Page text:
Black Hawk Mountain
By: Patty Kline
I led this trip with Mars Bonfire as my coleader. All 8 of the participants got this peak on a picture perfect weather weekend. We had a relaxed pace, making it a 2 day backpack in the Stanislaus National Forest and Emigrant Wilderness. The group got under way about 8:30 am at the Kennedy Meadows parking lot. This is the Kennedy Meadow west of Sonora Pass off of Highway 108, not the Kennedy Meadows off of 395 south of Little Lake. It is about a 10 hour drive from Los Angeles via 395. Here are the driving directions from the east. Take Highway 395 north of Bridgeport 17 miles and turn left on 108 where it joins 395. Go west over Sonora Pass, a narrow, winding road which is one lane in spots to the Kennedy Meadow Road. The Kennedy Meadow Road is located between mile marker 57 and 58 on Highway 108. The parking lot is.6 of a mile from Highway 108 on the Kennedy Meadow Road. There is one night camping at the trail head parking lot. The is also a large campground at the intersection of 108 and the Kennedy Meadow Road, which allows several nights of camping. The Kennedy Meadow Resort is there with a store, restaurant and telephone. The somewhat shorter drive from the west is as follows. Take 99 to Merced, 59 and J59 through Sonora, and 108 east through Mi-Wuk Village to the Kennedy Meadow Road between mile marker 57 and 58. Permits are available up to one week in advance at Mi-Wuk Village Ranger Station or at Pinecrest (Summit Ranger Station). There is a 15 person limit. We walked the .6 of a mile down the paved road to the Kennedy Meadow resort, through the resort and on to a dirt road which soon became the Kennedy Meadow Pack Trail at 6400'. This trail follows the Middle Fork of the Stanislaus River. The trail then went above the Relief Reservoir for a while before getting into a thick forest. Some of us took a split break in the forest since there was no relief at the Relief Reservoir. This entire trail was thick in several inches of finely churned dust, horse and pack mule droppings. It wasn't exactly a delicate smell or an ideal wilderness experience. About 6 miles out we passed Saucer Meadow. We were now on the 7.5 minute Emigrant Lake Quad and off of the 7.5 Sonora Pass Quad of the USGS Maps. At about 8 miles out we turned off the trail at UTM 355627 and dropped 100 feet to a stream. We found a very wide spot to cross on logs a few feet above the river and I walked through the water calf deep to cool off. We camped under the trees on the SW side of the stream along with the many mosquitos. There was an old fire ring where we centered our happy hour. Our camp was at 8400'. With the ups and downs of the trail, stats for the day were 8 miles and 2500'of gain.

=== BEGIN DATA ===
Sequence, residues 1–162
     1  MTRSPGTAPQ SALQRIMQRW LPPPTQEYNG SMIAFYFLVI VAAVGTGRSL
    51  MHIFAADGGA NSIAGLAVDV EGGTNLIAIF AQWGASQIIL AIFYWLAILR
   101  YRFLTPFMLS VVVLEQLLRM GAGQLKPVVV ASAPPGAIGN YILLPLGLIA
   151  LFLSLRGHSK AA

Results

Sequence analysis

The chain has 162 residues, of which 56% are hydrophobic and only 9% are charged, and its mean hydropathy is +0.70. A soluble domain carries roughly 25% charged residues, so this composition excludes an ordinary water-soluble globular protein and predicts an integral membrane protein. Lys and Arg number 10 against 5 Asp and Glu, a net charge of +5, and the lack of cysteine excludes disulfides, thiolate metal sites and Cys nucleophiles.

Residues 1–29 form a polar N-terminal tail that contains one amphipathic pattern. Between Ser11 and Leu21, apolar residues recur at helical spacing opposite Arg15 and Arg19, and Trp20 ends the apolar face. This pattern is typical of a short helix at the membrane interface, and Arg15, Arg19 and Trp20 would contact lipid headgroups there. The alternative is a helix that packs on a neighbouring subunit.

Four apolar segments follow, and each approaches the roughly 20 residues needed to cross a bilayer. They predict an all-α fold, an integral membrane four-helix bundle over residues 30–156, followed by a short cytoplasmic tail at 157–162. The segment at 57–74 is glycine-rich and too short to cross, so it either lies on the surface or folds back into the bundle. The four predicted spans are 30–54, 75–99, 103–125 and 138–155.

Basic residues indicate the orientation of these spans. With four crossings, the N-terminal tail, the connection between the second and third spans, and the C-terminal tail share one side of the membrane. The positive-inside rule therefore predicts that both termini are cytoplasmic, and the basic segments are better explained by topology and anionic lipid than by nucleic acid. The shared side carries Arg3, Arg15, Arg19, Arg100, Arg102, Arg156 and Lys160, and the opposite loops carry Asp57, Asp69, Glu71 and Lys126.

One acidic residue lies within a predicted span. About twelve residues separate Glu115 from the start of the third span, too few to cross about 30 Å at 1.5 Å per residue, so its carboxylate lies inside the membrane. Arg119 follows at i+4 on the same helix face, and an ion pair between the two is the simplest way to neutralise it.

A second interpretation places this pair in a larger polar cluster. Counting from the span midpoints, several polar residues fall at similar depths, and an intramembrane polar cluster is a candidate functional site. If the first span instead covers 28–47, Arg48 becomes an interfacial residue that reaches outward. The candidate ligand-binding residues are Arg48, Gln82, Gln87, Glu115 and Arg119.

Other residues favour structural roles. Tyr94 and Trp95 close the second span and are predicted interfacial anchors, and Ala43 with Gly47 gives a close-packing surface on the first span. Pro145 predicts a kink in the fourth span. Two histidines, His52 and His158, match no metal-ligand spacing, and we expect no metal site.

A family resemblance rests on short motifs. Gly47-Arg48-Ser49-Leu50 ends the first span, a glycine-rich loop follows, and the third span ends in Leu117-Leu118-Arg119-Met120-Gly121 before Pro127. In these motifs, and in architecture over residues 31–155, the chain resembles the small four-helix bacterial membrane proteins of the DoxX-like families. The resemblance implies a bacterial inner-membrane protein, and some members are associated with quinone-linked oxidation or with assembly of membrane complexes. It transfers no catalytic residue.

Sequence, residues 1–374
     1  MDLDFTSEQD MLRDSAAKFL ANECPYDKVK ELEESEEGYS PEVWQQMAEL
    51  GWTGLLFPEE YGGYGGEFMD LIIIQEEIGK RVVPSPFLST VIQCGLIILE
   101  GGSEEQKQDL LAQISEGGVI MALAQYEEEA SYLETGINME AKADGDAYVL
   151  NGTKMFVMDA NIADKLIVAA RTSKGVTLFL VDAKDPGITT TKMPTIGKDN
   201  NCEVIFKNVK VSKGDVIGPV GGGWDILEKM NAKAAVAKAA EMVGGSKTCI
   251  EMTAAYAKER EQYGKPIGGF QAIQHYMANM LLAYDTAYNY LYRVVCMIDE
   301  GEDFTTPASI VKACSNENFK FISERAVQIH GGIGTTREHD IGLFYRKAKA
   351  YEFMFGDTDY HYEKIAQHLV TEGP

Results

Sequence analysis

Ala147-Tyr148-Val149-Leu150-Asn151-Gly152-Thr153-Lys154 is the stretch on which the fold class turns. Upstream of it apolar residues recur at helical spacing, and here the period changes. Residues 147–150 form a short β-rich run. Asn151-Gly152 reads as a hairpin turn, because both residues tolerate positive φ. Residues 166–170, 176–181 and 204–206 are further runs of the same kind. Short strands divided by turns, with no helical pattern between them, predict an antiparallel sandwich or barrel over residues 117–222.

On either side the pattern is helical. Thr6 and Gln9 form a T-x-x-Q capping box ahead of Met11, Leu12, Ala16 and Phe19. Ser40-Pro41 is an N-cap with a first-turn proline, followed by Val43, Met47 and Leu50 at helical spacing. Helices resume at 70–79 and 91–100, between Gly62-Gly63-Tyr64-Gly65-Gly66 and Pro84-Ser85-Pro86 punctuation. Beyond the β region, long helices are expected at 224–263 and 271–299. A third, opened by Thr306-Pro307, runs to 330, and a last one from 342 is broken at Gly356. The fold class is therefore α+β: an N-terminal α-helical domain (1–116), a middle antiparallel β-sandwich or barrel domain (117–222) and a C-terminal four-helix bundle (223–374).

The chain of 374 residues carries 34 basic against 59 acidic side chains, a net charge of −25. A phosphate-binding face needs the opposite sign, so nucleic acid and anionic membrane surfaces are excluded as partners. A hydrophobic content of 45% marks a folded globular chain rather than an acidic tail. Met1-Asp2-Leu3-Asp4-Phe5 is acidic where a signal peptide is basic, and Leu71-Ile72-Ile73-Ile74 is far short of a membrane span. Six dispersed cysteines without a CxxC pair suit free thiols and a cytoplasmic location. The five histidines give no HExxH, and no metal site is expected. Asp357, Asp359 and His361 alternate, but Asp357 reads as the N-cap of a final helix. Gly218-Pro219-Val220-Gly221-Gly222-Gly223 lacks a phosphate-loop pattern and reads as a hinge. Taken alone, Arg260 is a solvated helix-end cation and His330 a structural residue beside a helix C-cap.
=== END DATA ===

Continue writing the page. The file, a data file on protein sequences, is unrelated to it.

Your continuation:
Sunday morning we left about 7:30 for the peak going cross-country circling N of peak 9127 (located at UTM 342624) and reached the most easterly of the Lewis Lakes at UTM 338619. From there we went due east to a tam at UTM 349625 where we curved south up the N ridge of peak 9523. Then we went down the S ridge of the same peak to scenic Black Hawk Lake. Air Touch cell phones based Los Angeles works in the area if you forgot to make that phone call at the resort. Then we went SE towards the peak avoiding the steep snow field to the east. We stayed at the tundra like summit at 10,348'about 45 minutes taking in the view. The scenery was majestic for our whole cross-country route in contrast to the wooded rolling terrain for the hike in on trail.
I estimate we did about 4 miles round trip from camp to get the peak. The total stats for the weekend were 20 miles and 4500 feet of gain. There was plenty of water and no sign of bears. It is a very beautiful area and a peak that will stand out in my mind for a long time.
The participants were Jane Gibbons, Patrick Wood, Sara Wyrens, Gary Bowen and Barb and
Howard Eyerly. Thanks to Mars Bonfire for scouting it ahead and doing the route finding to the peak and the great group of people on the trip.
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